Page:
E-commerce in China is roughly double that of the US, with China being by far the biggest global market. Mobile payments in China are 11 times that of the US (US$790 billion versus US$74 billion in 2016). Meituan Dianping is the world’s largest online-to-offline (O2O) platform, which in 2016 sold US$35 billion of services (such as restaurant and cinema bookings, and food delivery) to over 200 million customers. Didi Chuxing (China’s Uber) is actually five to six times the size of Uber in its own domestic market of the US, given the huge size of the Chinese domestic market.

A major beneficiary of this change has been China’s venture capital industry, which has grown from US$12 billion in 2011-13 to US$77 billion in 2014-16. China is now one of the biggest global funders of venture capital investment across a wide range of technologies, second only to the US in most cases. There are now 2,500 tech incubators in China. China’s venture capital investment has grown 10-fold since 2013 and, from being an irrelevance versus the US, is now roughly half that of the US.

Figure 2: China’s venture capital industry is growing quickly

Source: McKinsey Global Institute, 2016

3. Incremental liberalisation of China’s capital markets

The ‘yang’ aspect of the coming year also references the ‘sunny’ side of the yin/yang duality, and certainly we expect more sunlight to shine into the previously closed corners of Chinese asset markets.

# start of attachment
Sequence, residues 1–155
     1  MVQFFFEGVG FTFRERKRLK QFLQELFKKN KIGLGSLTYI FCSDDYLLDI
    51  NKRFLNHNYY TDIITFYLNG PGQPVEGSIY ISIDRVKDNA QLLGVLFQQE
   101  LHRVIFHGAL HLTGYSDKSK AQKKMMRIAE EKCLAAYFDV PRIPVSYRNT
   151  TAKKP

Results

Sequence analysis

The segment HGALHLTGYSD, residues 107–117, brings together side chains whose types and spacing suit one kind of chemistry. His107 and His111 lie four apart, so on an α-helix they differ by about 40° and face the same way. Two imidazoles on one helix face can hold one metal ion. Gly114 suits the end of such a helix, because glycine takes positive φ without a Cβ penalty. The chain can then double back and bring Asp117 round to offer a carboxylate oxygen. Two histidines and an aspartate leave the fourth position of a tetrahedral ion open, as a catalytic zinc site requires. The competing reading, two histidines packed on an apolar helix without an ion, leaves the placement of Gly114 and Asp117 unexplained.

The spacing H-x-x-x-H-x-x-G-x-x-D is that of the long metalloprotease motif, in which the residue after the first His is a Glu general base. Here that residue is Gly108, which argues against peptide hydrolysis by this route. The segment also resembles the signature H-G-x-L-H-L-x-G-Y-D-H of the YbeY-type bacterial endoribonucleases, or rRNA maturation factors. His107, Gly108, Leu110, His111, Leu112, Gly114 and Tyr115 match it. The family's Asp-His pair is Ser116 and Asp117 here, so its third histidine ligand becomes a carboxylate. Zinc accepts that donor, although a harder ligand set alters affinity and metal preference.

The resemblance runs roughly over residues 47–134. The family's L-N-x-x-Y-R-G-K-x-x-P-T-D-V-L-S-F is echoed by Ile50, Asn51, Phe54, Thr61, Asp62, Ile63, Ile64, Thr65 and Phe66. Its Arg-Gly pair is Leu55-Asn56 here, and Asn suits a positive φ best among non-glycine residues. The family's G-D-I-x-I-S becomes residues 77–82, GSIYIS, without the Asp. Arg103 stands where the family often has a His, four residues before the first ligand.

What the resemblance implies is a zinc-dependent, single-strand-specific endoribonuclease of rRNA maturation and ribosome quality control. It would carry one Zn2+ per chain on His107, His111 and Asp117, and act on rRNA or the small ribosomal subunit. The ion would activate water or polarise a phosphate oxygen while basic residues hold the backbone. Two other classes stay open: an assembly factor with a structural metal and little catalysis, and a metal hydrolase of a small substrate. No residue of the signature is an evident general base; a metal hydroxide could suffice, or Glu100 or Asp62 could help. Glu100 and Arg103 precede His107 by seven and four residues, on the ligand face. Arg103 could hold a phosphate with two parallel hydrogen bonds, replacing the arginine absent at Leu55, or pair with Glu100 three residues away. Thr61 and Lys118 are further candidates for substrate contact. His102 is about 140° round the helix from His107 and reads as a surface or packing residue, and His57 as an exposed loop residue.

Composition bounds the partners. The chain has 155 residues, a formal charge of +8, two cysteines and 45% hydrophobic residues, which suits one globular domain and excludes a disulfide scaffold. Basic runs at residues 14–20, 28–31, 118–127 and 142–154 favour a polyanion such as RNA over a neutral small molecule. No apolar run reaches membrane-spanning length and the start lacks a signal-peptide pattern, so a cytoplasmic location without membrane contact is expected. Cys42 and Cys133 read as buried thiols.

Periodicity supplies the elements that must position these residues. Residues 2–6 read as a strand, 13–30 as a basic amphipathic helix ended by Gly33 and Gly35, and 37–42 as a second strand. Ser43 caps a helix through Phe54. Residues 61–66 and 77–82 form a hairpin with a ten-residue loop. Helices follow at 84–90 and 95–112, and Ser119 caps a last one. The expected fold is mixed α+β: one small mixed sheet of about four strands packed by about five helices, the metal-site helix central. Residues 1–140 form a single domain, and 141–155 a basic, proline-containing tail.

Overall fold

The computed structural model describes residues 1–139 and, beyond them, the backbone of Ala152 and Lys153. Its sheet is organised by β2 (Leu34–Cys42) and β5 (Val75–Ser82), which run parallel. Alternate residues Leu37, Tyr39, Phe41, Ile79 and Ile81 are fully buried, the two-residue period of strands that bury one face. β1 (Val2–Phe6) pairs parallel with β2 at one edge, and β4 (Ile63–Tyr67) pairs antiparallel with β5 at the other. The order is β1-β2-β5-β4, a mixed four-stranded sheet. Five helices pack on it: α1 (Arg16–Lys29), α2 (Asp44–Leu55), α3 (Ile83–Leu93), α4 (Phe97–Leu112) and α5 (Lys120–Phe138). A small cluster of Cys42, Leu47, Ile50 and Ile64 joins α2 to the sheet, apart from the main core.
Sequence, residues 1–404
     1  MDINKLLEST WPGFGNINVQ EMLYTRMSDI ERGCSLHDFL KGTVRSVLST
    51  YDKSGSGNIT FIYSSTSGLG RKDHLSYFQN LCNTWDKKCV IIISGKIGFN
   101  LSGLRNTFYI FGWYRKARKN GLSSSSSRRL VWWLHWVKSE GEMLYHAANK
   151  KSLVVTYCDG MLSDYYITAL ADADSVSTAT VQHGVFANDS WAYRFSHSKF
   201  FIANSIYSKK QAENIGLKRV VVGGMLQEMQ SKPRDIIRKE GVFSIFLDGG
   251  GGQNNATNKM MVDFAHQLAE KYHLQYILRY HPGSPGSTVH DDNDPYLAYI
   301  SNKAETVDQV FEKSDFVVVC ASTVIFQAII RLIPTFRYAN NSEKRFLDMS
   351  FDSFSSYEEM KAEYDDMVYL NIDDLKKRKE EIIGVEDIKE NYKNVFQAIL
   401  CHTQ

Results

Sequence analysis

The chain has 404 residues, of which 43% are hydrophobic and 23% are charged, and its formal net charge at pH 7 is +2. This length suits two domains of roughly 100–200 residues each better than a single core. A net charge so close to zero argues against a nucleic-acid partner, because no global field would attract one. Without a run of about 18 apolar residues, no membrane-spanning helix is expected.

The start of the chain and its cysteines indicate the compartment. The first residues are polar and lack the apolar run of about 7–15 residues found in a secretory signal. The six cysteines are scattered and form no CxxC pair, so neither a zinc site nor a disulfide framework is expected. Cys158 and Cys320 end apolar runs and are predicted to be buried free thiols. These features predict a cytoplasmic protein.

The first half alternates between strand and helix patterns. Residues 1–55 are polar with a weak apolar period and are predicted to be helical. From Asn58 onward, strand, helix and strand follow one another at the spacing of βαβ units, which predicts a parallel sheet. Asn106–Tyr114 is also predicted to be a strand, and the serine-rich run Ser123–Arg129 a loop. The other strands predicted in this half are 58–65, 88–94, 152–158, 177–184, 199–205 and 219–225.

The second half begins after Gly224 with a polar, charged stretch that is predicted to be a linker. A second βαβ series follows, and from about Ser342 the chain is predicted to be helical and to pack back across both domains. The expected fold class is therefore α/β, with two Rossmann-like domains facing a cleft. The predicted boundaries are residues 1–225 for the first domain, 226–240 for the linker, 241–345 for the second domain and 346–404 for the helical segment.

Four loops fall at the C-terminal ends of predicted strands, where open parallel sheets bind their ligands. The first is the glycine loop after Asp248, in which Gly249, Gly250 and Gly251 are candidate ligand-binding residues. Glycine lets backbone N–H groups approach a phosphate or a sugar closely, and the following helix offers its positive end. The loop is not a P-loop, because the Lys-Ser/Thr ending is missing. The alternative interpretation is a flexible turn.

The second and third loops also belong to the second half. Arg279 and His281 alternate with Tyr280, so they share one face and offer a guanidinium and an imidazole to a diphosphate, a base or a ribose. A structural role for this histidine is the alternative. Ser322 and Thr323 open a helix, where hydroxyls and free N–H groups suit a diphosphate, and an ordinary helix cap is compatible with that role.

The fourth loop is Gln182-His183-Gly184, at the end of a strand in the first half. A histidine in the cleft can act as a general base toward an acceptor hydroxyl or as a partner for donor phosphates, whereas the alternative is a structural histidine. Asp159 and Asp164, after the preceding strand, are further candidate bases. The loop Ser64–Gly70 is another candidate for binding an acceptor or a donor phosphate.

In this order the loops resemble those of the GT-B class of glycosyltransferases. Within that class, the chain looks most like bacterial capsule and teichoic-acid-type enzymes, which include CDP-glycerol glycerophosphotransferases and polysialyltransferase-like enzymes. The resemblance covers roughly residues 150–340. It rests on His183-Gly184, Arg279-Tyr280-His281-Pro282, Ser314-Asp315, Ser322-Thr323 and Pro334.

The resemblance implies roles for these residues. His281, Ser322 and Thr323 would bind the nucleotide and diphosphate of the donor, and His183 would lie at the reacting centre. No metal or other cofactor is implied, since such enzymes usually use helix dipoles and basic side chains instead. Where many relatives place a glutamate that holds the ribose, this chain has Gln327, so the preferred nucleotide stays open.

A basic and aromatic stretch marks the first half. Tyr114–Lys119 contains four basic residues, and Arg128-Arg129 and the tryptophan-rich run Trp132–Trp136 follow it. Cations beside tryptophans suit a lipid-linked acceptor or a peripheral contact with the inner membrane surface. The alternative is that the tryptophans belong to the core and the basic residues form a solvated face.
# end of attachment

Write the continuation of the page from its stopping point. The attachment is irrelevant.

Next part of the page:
On 20 June 2017, MSCI announced that, with effect from June 2018, 222 large-cap Chinese A-shares will be included in the MSCI Emerging Market and ACWI indices through a two-stage process. This represents a milestone in the evolution of China’s domestic equity capital markets, the second largest in the world by market capitalisation. It also reflects the significant progress by the Chinese authorities in the opening up of its markets to foreign investors, especially through the Hong Kong and Shanghai/ Shenzhen Connect schemes.

This event could easily be dismissed in the short term as the initial impact on indices is likely to be small due to MSCI’s phased approach to inclusion. China A-shares will represent just 0.73% of the MSCI Emerging Markets Index in 2018, for example, due to MSCI’s partial inclusion factor of 5%.

As China’s domestic equity market opens up more to foreign institutional investors and MSCI raises its inclusion factor for the A-share market, foreigners will become a larger participant in the A-share market. As a result, we expect correlations with other global equity markets to increase. However, we think this will take a long time, and hence investors who access the opportunity early will enjoy these lower correlations.

A similar dynamic is at play in Chinese debt markets. With the third largest government bond issuer in the world, liberalisation has been ongoing for some time. Yet foreign ownership stands, at the time of writing, at under 3%.

The liberalisation of China’s bond market is clearly a priority for Chinese authorities, with access being gradually increased over the last few years. All these reforms work towards the same goal of promoting international investment in China’s onshore capital markets. Many bond index providers have begun to include more Chinese bond assets in their indices, or put investors on notice that they are considering it.